TRENTON, N.J. — Toys R Us Inc. plans to eliminate 1,900 jobs and close 64 stores as part of a plan to cut costs and boost profits.
The moves announced Monday come as the Paramus-based company's earnings have slumped due to the economic slowdown, extensive remodeling costs and fallout from the Sept. 11 terrorist attacks.
Toys R Us, the second-biggest U.S. toy retailer after Wal-Mart Stores, said it will take a $213 million pretax restructuring charge in its fiscal fourth quarter, which ends Feb. 2.
The company said the cuts would increase cash flow in 2002 and beyond and boost pretax earnings by about $25 million in 2002, and about $45 million annually beginning in 2003. Payroll savings associated with consolidating support services would account for $30 million of the $45 million.
"The senior management and the middle management all agree it's time to become much more professional, much more streamlined," John Eyler, chairman and chief executive, told analysts in a conference call.
At the same time, Toys R Us is phasing in new designs in some stores and testing new concepts, such as stores that sell groceries or that combine kids' and baby apparel and other products with toys.
In morning trading on the New York Stock Exchange, Toys R Us shares were up 5.9 percent, or $1.11 a share, at $19.86.
The layoffs include about 1,350 people from the stores being closed and about 550 from streamlining support services. The company did not immediately provide a current total of employees.
The company said it will close 27 Toys R Us stores that were making money, but not enough to justify extensive renovations to its latest format, dubbed Mission Possible.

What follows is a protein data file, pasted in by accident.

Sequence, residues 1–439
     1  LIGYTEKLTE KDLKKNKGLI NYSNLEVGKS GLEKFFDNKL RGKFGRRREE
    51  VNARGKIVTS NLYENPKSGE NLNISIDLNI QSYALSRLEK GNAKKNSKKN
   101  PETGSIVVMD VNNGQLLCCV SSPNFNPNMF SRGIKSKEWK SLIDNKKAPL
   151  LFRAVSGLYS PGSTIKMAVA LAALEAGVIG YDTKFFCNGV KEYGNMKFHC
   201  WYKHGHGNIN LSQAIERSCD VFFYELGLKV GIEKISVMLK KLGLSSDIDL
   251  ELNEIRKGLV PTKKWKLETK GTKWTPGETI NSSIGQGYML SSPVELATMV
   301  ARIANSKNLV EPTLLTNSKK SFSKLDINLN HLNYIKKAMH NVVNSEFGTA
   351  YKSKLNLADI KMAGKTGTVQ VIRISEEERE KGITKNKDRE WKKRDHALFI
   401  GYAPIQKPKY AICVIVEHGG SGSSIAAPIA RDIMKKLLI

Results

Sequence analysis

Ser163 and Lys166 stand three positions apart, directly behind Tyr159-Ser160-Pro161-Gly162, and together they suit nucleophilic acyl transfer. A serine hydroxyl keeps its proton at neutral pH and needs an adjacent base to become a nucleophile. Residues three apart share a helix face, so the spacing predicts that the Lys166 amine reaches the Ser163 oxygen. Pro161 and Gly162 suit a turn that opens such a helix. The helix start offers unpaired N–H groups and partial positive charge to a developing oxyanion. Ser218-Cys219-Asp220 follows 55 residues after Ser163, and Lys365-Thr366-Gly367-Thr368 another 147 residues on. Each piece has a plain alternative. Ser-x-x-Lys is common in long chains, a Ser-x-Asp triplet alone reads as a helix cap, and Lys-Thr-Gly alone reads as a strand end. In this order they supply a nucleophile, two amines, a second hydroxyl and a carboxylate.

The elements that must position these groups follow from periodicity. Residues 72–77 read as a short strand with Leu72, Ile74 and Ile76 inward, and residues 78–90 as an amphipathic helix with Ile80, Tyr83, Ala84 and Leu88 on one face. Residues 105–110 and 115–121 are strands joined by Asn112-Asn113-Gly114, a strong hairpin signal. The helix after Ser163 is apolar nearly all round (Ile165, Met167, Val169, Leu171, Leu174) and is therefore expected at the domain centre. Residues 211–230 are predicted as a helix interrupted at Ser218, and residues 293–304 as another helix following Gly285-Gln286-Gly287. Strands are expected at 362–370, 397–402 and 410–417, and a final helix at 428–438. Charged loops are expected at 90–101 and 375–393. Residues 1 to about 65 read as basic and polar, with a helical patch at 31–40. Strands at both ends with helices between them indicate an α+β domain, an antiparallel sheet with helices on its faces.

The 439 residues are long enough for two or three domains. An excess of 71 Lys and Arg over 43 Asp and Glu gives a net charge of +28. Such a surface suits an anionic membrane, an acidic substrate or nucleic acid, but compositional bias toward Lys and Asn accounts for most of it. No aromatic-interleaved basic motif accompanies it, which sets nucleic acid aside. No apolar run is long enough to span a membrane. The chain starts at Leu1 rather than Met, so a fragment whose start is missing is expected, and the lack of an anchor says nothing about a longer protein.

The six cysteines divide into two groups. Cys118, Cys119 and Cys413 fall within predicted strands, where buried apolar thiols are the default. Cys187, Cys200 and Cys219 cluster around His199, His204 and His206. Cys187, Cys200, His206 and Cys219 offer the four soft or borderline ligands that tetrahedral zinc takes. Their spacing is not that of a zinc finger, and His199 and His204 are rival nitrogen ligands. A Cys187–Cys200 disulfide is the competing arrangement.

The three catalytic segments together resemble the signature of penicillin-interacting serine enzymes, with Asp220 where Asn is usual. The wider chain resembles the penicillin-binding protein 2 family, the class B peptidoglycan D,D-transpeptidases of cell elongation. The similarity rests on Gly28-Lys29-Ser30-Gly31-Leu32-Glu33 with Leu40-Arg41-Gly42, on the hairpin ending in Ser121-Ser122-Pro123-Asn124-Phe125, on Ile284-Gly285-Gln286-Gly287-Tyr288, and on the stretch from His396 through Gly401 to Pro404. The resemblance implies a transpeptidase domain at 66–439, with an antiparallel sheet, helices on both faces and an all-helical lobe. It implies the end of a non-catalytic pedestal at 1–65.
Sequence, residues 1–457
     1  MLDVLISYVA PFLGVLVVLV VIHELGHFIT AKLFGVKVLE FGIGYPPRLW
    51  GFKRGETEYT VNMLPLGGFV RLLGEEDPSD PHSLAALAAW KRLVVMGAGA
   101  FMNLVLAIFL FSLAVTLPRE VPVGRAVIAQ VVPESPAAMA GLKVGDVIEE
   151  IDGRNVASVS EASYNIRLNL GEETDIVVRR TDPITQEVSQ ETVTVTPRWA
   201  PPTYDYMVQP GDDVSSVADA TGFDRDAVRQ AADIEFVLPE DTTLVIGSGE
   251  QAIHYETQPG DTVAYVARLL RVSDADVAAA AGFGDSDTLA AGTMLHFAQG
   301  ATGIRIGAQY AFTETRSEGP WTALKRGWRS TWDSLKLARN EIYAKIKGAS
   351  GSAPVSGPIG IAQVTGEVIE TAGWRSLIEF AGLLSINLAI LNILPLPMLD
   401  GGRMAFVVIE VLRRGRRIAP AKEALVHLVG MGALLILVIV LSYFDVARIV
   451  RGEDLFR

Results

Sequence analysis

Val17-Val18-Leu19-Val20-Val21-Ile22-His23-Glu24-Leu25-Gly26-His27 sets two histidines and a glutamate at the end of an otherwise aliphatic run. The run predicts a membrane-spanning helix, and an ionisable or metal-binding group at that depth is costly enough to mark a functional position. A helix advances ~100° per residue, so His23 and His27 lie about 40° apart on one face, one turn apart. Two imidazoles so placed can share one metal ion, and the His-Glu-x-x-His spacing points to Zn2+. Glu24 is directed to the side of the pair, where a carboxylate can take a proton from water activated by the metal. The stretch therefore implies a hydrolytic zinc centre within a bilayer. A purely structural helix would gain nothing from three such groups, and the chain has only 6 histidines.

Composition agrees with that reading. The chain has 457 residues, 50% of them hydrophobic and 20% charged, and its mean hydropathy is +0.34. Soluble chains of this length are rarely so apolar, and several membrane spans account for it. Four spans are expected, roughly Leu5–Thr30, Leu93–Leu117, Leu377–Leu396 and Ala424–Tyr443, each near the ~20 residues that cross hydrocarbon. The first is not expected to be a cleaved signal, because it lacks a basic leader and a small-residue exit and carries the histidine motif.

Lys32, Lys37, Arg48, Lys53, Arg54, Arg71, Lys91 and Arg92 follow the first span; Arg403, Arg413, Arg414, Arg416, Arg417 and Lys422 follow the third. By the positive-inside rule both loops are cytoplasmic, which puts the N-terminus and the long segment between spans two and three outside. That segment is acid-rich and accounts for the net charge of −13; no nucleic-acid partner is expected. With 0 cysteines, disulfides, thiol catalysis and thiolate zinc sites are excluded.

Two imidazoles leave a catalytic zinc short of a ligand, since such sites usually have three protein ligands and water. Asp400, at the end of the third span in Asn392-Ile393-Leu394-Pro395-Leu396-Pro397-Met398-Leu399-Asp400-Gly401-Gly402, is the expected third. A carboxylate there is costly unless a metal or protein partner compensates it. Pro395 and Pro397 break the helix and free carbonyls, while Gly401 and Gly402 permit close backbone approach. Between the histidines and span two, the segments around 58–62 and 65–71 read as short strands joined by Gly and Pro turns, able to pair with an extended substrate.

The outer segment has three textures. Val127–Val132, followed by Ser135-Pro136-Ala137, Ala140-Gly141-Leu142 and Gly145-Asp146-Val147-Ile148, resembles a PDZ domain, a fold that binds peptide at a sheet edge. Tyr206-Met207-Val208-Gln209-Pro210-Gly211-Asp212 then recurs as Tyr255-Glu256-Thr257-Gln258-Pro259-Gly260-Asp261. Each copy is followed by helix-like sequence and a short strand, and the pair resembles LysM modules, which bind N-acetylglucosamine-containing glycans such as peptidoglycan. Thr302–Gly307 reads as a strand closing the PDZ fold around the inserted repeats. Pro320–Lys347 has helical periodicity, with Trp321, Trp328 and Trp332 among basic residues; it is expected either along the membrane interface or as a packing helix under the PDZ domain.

Meanwhile, 37 Kids R Us stores will be closed, but most will become part of a combination store in the nearest Toys R Us location.
The company did not identify which stores are being closed and said 10 of the Toys R Us stores being closed may be relocated. The company has 1,609 stores under various names overall.
It said support services will be consolidated by closing five New Jersey facilities — two in Montvale and one each in Paramus, East Hanover and Fort Lee — and moving their work to a new facility in Wayne between this summer and summer 2003.
Toys R Us had a third-quarter loss of $44 million, or 22 cents per share. For the first nine months of its fiscal year, the company posted a loss of $91 million, or 46 cents per share.
For its fourth quarter, analysts surveyed by Thomson Financial/First Call have forecast a profit of $1.39 per share, giving the company a profit of 94 cents for the fiscal year.
Toys R Us operates 703 toy stores in the United States, 510 international toy stores, 184 Kids R Us children's clothing stores, 163 Babies R Us stores and 49 Imaginarium stores.